The Magazine

Agony of Spirit

The revolutionary poet revealed in his letters.

Dec 16, 2013, Vol. 19, No. 14 • By EDWARD SHORT
Widget tooltip
Single Page Print Larger Text Smaller Text Alerts

When it came to his own verse, Hopkins was human enough to miss fame. If he gradually reconciled himself to the fact that his poems would remain unpublished in his lifetime, he was deeply disappointed that The Month rejected his bravura Pindaric ode, “The Wreck of the Deutschland.” It was a rejection that severely tested the self-denial at the root of his vocation. Still, he was devout enough to recognize, with Ronald Knox, that “waiting upon God alone and letting the world go its own way without you is an integral part of sanctity.”  

Much of his later poetry wrestles with something Ignatius Loyola says in his Spiritual Exercises: “Let him who is in desolation strive to remain in patience, which is the virtue contrary to the troubles which harass him; and let him think that he will shortly be consoled, making diligent efforts against this desolation.” Some—such as Norman White, who wrote a misleading critical biography of the poet—misrepresent Hopkins’s spiritual difficulties. These letters correct the view that Hopkins resented the religious order that forbade the publication of his verse: “When a man has given himself to God’s service,” he wrote to the poet Richard Watson Dixon in 1881, “when he has denied himself and followed Christ, he has fitted himself to receive and does receive from God a special guidance, a more particular providence.”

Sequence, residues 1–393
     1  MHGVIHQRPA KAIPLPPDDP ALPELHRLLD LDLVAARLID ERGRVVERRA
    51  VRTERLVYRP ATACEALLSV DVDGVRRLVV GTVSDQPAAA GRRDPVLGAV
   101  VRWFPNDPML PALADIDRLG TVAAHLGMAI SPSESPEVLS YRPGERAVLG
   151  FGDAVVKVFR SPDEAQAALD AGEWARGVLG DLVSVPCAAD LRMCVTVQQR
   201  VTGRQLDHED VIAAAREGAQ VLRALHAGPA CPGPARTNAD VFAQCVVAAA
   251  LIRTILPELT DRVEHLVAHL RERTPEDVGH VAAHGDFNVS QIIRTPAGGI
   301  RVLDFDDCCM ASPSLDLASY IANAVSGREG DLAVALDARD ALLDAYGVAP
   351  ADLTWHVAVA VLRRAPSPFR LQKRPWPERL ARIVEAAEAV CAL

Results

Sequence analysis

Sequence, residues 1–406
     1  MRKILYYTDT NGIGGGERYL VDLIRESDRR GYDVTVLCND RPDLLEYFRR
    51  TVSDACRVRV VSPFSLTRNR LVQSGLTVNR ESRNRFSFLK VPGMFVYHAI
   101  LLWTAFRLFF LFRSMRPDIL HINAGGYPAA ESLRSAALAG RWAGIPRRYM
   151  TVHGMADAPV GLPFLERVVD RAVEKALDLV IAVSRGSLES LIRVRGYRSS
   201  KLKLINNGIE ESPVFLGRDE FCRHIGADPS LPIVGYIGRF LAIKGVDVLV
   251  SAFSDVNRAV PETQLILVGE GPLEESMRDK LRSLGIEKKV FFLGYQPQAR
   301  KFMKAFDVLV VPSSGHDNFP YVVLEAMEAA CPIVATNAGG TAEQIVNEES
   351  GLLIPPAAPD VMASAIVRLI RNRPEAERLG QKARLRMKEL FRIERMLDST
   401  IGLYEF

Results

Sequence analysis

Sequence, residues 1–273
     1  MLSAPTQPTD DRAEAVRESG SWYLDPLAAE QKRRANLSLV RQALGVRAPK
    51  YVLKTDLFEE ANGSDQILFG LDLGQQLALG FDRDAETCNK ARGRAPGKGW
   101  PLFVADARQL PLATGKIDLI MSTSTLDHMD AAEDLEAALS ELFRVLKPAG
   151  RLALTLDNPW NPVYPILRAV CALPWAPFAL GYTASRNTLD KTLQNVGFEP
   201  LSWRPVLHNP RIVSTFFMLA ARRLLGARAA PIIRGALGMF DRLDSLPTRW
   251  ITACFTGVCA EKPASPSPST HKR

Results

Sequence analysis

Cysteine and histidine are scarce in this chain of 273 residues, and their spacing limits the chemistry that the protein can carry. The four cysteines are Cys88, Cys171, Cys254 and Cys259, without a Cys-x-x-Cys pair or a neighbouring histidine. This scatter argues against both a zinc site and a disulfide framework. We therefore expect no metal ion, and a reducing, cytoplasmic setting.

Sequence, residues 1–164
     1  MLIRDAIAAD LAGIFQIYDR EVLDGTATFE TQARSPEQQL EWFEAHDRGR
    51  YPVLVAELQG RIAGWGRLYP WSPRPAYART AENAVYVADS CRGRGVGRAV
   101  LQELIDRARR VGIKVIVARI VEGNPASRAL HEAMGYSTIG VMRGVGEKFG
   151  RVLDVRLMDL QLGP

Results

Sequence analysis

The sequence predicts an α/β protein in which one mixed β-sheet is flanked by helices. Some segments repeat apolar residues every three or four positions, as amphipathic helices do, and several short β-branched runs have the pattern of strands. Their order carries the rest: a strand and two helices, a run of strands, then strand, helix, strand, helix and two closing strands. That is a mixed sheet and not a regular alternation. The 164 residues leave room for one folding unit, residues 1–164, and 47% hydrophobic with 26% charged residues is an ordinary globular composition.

Now if you value what I write, if I do myself, much more does our Lord. And if he chooses to avail himself of what I leave at his disposal he can do so with a felicity and with a success which I could never command. And if he does not, then two things follow; one that the reward I shall nevertheless receive from him will be all the greater; the other that then I shall know how much a thing contrary to his will and even to my own best interests I should have done if I had taken things into my own hands and forced on publication.

Of course this is not a point of view that most literary biographers can be expected to appreciate; but as these letters show, it was the point of view to which the poet himself subscribed, with whatever anguish. When it came to Hopkins’s vocation, Newman provided the soundest gloss, telling the poet: “Don’t call the Jesuit discipline ‘hard.’ It will bring you to heaven.”

Edward Short is the author, most recently, of Newman and His Family